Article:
Phil Emmer: A win for water and recreation
Published: Monday, May 13, 2013 at 6:01 a.m.
Last Modified: Friday, May 10, 2013 at 8:46 p.m.
On Dec. 23, The Sun carried a column by environmentalist Robert Knight recommending the restoration of Glen Springs to its original beauty and recreational values, while also retrieving its value as a water source (and resource). The idea could go a very long way in improving Gainesville's water resources as he suggested, but could even become much more beneficial to the community as a recreational area.
Nathan Collier previously offered $1 million to the city of Gainesville in return for acquiring about 5 acres of wooded conservation property adjacent to his home. Knight's proposal to use the money to buy Glen Springs could be a wonderful (and economically low cost) home run to the city and its citizens.
The proposal is both a way to preserve our water and create an excellent recreation area. Golly, what a great idea — way better than purchasing a run-down, decrepit old restaurant on Fifth Avenue.
Several letters followed suggesting other public uses with the million bucks. All had their merit, but I'll stick with Knight's suggestion. I called Collier and asked if he would show me the area under discussion. I walked it with him and realized that this very small piece of property was useless in comparison to extension of the well wooded and low wetlands just adjacent to this parcel.
I decided to take a closer look and traversed a couple of man-made bridges on the north side of Eighth Avenue to take a better look. These bridges extended north to communities facing 16th Avenue. The creeks flowed, the trees were growing and the wildlife felt at home (or so I believe). This area extends more than 8/10 of a mile from the Collier property to Northwest 31st Street adjacent to the lovely and well used city park facing 34th Street.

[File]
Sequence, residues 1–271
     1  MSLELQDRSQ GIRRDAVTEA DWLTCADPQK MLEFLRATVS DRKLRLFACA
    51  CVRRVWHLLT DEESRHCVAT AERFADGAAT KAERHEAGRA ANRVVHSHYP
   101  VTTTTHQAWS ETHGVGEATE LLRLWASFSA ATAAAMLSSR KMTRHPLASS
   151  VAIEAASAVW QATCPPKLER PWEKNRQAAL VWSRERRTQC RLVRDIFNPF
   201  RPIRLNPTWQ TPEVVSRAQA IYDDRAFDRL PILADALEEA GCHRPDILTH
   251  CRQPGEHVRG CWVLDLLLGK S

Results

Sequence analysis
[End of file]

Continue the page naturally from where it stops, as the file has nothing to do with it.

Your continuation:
The fact is that this small piece of land is a very small part of a huge wetland that runs about 80 percent of a mile in length on the north side of Eighth Avenue and well over a mile on the south side. Both wooded parcels are wetlands and connected to existing creeks and the piece that he wants saved.
More recently Knight spoke at Rotary and it is likely that every member there supported the idea that this local springs should be saved.
I hope the citizens of Gainesville check what I have written to see the accuracy of the above. Further, I would hope our city's elected officials actually walk the land that Nathan Collier wants to buy and see how silly it would be to pass up the million bucks.
If they do not do so, then the citizens of Gainesville will be the loser. They will see for themselves that this is a wonderful benefit for Glen Springs, the people living in Gainesville and the water we so vitally need to protect.
Phil Emmer lives in Gainesville.
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